Love is not something we generally associate with business — we don’t love most of the companies we deal with and more unfortunately, most people don’t even love their own jobs. If you’re in business it is more than likely that your company doesn’t love your customers (beyond what could be considered blatant cupboard/money love) and even if your company doesn’t hate its customers, it probably isn’t partaking in public-displays-of-affection towards them or even letting them know how they feel.You might think I’m joking. But you’d be wrong.
Unless you’re in the business of manufacturing leopard print kitchen appliances that only work in small Eastern European countries, the chances are that someone else is doing what you’re doing, and probably better. The longer I am involved with businesses the more I realise that most consumers seem to pick the companies they deal with in a seemingly random manner. It’s not really random, and there are plenty of books out there detailing why consumers act the way they do and if you care to study them you’ll probably end up with the same conclusion I did; that humans are herd-like animals, apparently no more intelligent at choosing which grassy hill to stand on then a pack of cows on a lazy Sunday afternoon.
And this for the most part is reality… Consumers choose one company over another because other people are doing it and aren’t spontaneously self-combusting. Spontaneously Self Combustion seems to be the benchmark for good service these days. If the customers aren’t exploding the company must be doing a good job.
But like young Brook Shields felt in the first part of Blue Lagoon, there must be more to this.
Who is that first cow and why did he walk onto that particular hill? We know why all the other cows followed him — because cows are like humans, a little bit stupid.
That first cow was probably a lover.
He loved the feeling of the dewy grass under his hooves, he loved the way the mist sat peacefully in the lower lying parts of his hill. He loved how he could return to his perfect spot where the grass was perfect and the sun was perfectly aligned so as to warm up his bum and not be in his eyes. And how the tree was nearby for later when it got too hot and he wanted some shade… and the view… he loved the view. It reminded him of Scotland.
All the other cows went up onto that hill because that’s what cows do… that and our lover cow hadn’t yet exploded.
Consumers, as I have already pointed out, are a lot like cows. We do love to have the sun shine on our bums and not in our eyes. And when we find a company that makes us feel that way we generally stay with them for a long time.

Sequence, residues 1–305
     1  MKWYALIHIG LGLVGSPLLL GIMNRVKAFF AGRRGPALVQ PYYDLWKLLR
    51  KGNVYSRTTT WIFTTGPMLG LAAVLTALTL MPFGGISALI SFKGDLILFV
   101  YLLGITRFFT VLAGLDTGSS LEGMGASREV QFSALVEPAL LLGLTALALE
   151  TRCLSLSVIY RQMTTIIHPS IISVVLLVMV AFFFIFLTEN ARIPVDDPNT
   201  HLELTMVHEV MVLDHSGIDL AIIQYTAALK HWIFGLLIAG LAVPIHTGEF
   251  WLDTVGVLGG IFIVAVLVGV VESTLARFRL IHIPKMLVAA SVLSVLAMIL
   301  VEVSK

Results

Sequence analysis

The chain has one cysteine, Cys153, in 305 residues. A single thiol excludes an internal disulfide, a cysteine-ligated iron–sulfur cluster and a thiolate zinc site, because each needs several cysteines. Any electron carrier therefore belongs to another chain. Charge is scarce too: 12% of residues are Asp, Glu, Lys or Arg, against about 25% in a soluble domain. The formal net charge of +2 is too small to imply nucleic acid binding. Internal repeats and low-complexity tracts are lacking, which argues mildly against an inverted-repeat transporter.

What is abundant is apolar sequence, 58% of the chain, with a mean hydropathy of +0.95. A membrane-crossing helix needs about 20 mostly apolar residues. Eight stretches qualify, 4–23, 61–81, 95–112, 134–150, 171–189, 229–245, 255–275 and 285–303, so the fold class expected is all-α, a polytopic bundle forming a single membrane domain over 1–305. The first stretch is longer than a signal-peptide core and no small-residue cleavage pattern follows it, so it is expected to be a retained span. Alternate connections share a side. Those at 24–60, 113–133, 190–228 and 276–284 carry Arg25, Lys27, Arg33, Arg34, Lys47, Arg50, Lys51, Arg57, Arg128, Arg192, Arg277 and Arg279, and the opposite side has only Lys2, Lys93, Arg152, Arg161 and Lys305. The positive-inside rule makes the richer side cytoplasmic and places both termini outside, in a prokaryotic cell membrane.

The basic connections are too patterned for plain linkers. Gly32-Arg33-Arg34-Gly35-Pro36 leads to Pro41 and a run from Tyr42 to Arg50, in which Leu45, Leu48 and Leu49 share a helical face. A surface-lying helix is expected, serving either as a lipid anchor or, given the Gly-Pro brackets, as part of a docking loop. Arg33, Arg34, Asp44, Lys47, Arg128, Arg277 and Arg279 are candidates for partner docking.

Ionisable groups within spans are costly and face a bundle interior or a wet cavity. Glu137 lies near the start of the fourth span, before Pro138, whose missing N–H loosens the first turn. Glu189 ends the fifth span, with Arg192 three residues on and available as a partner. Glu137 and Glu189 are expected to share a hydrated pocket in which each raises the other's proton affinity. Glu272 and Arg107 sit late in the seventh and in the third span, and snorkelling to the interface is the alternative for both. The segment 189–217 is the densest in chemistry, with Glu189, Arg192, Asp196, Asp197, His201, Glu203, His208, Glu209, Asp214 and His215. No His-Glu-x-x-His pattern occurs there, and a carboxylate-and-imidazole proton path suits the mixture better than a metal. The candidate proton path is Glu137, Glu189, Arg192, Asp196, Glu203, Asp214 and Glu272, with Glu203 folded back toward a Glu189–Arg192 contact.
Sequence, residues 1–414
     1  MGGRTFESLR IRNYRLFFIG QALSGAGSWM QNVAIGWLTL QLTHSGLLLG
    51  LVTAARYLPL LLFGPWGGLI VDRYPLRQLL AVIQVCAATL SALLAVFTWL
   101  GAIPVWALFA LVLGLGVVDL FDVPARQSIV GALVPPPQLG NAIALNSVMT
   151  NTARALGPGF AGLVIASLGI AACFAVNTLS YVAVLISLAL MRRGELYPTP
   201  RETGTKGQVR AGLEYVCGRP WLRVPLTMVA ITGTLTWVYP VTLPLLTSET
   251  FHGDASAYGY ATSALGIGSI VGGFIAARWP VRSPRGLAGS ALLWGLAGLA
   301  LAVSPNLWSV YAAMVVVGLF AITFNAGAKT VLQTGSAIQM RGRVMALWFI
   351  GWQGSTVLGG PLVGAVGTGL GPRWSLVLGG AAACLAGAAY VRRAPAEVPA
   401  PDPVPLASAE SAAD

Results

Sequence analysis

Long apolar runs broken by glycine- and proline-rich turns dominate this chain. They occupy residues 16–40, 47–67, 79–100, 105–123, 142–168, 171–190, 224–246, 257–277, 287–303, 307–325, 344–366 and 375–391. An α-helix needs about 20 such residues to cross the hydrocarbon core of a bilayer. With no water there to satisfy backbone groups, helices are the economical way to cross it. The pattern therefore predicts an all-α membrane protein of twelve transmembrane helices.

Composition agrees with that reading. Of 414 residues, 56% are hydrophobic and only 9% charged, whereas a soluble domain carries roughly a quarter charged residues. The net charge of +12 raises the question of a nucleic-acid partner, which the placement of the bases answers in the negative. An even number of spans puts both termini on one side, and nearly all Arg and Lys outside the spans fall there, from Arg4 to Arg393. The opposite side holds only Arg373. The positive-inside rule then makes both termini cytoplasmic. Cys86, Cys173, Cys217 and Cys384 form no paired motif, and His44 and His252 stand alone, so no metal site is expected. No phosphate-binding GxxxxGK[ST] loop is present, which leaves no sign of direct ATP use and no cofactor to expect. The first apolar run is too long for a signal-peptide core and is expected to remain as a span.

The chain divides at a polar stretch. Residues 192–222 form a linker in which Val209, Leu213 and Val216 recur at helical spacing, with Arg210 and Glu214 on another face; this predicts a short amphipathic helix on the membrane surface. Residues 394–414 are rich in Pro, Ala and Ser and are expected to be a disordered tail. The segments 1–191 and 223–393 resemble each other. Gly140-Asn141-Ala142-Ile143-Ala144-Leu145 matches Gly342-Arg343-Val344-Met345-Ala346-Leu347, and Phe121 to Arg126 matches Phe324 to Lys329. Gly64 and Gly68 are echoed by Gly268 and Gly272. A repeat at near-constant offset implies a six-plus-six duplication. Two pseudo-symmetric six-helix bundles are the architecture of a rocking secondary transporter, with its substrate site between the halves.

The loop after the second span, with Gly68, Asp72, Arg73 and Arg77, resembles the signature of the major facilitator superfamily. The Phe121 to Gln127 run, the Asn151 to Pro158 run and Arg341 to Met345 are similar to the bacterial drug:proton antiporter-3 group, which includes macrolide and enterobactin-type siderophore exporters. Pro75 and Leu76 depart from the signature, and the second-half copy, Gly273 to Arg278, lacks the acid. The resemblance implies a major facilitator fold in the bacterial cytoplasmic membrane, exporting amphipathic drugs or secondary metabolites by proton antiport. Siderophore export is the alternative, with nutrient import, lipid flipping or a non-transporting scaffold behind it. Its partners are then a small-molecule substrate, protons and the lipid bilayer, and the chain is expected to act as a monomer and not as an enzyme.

Unfortunately companies are not grassy hills. Generally they suck. They take your money and give you just enough of whatever it is that they’re meant to be giving you so that you don’t go mad cow on their scrawny, dried up grass, no shady tree, hill asses.
In my imaginary little world I like to believe that that perfect hill is actually loving that cow back… loving how his hooves feel running down its back, loving how the cow stands in the same spot, chewing on his puke and gazing happily into the distance. The hill loves feeling loved.
There is a problem though. Cows don’t have money.
If cows had money our lover cow would become a perverted cow. He’d look to see which hill he could get for less and could he perhaps swap the tree for a small umbrella and maybe the grass didn’t really need to be real grass so long as when he ate it he didn’t explode.
This is what customers have become. Selfish perverted annoying little brats who make you angry and call you at 6:15 when you’re just about to go home and moan that their widget isn’t working just like you promised it would and if you don’t make it work RIGHT NOW they’re going to leave your company and start using that other company who’s customers also aren’t exploding.
And then we wonder why we don’t love our customers… and why they don’t love us.
There is another way. Love. Imagine if your customer loved you and the widget. Imagine if you loved your customer. You probably would have spent more time on that widget, setting it up just right because you loved the way the customer loved you when their widget was working perfectly… and if your customer loved you and their widget still didn’t work they’d call in the morning because they’d know it would be an inconvenience to call at 6:15pm. Because you loved them and they loved you.
You may think I am mad, but there *are* company-consumer relationships like this.
One thought on “Where is the love? – Chapter 1”
The company I work for have a policy of being brutally open and honest with it’s clients, and this does tend to foster a more long term relationship. This is quite different to the no-loyalty nature of, for example, short term insurance. The work we do and services we provide are also of a more specialist nature, which means we charge more and we can afford to, and HAVE to give them the attention they deserve.
Think about it, for R50 you can buy about 12 minutes of the average company’s time, so difficult clients become more effort than they are worth very very quickly. I think some clients forget that.
I’m not sure if the differences in our client base has anything to do with it, but we generally deal with a different kind of client: The kind who explains to you that if you don’t fix it right now THEY will go out of business and it will all be YOUR fault. This is of course a type of emotional blackmail, and it stops working after a while.